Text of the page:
Researchers at the Swedish medical university Karolinska Institutet have shown how stem cells, together with other cells, repair damaged tissue in the mouse spinal cord. The results are of potential significance to the development of therapies for spinal cord injury.
There is hope that damage to the spinal cord and brain will one day be treatable using stem cells (i.e. immature cells that can develop into different cell types). Stem cell-like cells have been found in most parts of the adult human nervous system, although it is still unclear how much they contribute to the formation of new, functioning cells in adult individuals.
A joint study by Professor Jonas Frisén's research group at Karolinska Institutet and their colleagues from France and Japan, and published in Cell Stem Cell, shows how stem cells and several other cell types contribute to the formation of new spinal cord cells in mice and how this changes dramatically after trauma. The research group has identified a type of stem cell, called an ependymal cell, in the spinal cord. They show that these cells are inactive in the healthy spinal cord, and that the cell formation that takes place does so mainly through the division of more mature cells. When the spinal cord is injured, however, these stem cells are activated to become the dominant source of new cells.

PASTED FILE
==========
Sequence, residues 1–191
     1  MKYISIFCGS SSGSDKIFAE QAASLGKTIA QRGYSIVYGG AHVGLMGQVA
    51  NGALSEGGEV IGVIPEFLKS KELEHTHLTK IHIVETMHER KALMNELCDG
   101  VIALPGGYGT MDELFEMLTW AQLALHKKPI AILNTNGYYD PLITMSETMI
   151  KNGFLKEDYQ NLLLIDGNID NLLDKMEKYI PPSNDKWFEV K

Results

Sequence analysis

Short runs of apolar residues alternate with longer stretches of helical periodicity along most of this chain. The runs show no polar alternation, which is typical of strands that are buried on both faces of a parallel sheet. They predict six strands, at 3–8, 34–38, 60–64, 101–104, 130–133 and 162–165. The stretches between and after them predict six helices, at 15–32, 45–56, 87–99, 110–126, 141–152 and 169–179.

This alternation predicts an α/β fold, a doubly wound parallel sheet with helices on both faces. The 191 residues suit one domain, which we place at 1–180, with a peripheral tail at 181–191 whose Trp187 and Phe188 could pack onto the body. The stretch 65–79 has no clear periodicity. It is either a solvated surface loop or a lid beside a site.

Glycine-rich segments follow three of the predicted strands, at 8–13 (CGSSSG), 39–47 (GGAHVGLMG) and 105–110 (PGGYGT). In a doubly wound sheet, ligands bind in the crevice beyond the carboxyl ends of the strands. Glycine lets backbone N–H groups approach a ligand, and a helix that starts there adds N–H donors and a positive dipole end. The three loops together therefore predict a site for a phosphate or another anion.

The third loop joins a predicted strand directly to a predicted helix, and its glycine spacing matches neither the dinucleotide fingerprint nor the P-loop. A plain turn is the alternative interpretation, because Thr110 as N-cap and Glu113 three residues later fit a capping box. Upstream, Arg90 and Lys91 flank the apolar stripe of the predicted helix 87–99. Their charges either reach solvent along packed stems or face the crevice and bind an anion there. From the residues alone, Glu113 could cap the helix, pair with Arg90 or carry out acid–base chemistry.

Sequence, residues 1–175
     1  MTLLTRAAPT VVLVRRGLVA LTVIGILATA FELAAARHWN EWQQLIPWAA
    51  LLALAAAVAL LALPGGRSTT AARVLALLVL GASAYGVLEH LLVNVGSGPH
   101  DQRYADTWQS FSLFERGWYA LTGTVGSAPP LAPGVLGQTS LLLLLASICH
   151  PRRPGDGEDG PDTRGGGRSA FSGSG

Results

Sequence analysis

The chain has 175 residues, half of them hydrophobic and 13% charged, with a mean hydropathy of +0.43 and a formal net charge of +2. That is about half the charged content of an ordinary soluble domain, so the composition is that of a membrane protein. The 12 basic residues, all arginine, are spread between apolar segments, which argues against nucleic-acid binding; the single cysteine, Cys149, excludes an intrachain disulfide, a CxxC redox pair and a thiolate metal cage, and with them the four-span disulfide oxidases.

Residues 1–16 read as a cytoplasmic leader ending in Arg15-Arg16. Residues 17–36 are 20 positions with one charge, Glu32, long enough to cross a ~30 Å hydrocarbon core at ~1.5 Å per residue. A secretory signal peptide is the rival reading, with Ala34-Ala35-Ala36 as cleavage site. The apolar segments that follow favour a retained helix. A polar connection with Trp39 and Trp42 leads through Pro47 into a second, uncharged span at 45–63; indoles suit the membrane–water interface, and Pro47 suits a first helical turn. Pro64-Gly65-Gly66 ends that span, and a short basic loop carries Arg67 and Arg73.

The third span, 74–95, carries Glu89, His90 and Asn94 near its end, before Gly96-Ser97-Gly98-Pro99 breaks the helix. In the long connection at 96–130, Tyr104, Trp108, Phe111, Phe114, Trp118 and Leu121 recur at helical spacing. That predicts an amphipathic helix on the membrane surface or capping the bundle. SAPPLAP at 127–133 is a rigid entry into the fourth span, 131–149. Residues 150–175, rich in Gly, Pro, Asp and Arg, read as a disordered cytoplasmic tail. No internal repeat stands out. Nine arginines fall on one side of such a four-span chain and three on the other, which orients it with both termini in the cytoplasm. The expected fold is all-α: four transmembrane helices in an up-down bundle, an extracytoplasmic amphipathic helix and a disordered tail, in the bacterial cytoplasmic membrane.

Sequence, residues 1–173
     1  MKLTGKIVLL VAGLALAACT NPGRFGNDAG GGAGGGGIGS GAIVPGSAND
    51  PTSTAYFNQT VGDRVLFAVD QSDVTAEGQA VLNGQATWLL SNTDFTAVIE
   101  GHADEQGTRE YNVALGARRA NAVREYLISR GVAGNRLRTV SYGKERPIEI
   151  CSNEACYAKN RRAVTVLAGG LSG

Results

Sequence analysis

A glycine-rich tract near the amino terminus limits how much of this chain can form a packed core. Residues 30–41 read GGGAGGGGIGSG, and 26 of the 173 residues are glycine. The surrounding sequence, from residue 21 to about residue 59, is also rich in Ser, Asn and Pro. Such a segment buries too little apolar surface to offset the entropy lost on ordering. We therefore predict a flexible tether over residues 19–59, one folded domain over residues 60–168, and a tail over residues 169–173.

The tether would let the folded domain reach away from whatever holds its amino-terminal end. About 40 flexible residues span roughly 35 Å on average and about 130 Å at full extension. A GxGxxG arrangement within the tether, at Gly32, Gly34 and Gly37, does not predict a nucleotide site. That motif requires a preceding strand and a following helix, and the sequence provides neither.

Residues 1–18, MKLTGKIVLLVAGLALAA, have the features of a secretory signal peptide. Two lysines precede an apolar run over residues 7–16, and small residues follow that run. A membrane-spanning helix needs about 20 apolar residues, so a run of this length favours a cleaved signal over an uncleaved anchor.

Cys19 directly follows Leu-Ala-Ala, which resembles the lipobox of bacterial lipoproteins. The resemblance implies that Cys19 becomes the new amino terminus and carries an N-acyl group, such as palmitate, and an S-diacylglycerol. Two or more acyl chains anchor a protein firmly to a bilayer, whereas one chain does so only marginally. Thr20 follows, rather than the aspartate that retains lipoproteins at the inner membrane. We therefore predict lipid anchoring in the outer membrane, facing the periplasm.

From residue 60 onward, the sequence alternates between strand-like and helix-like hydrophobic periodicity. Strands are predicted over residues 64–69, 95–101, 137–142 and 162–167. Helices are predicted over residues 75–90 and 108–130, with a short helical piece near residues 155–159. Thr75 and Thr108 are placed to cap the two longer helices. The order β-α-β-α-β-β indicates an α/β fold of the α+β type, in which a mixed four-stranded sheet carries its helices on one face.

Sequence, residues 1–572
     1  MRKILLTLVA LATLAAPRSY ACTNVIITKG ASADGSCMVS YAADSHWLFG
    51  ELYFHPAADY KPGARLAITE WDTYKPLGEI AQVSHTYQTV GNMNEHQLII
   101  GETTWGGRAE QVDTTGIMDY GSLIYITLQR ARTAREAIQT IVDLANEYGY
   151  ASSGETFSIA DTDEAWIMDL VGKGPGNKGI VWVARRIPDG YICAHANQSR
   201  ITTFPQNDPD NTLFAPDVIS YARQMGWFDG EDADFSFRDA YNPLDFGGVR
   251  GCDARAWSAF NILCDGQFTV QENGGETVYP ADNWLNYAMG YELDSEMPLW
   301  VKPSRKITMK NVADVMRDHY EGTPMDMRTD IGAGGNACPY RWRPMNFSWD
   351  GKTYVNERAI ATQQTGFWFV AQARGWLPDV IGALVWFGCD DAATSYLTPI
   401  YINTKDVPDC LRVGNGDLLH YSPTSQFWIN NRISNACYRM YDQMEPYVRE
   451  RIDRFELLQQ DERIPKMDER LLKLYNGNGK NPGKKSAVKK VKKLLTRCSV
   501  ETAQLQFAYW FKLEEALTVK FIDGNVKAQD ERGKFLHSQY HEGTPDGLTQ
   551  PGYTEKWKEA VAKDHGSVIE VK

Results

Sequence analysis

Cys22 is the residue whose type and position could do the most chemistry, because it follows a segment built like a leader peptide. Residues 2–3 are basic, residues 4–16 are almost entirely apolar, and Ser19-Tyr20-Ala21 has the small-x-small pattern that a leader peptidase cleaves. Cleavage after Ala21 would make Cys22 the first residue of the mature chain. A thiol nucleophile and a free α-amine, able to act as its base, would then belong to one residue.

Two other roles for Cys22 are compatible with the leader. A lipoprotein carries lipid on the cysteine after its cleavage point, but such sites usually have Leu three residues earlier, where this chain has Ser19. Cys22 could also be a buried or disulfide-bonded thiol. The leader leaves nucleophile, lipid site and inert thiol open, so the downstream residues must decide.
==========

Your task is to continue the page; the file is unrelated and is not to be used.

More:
The stem cells then give rise to cells that form scar tissue and to a type of support cell that is an important component of spinal cord functionality. The scientists also show that a certain family of mature cells known as astrocytes produce large numbers of scar-forming cells after injury.
"The stem cells have a certain positive effect following injury, but not enough for spinal cord functionality to be restored," says Jonas Frisén. "One interesting question now is whether pharmaceutical compounds can be identified to stimulate the cells to form more support cells in order to improve functional recovery after a spinal trauma."
Publication: "Origin of new glial cells in the intact and injured adult spinal cord", Fanie Barnabé-Heider, Christian Göritz, Hanna Sabelström, Hirohide Takebayashi, Frank W. Pfrieger, Konstantinos Meletis & Jonas Frisén, Cell Stem Cell, print issue 8 October 2010.
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For further information, please contact:
Professor Jonas Frisén
Department of Cell and Molecular Biology
Tel: +46(0)8-524 875 62
Press Officer Katarina Sternudd
Tel: +46 (0)8-524 838 95
Karolinska Institutet is one of the world's leading medical universities. Its mission is to contribute to the improvement of human health through research and education. Karolinska Institutet accounts for over 40 per cent of the medical academic research conducted in Sweden, and offers the country's broadest range of education in medicine and health sciences. Since 1901 the Nobel Assembly at Karolinska Institutet has selected the Nobel laureates in Physiology or Medicine. More information on ki.se
Cell Stem Cell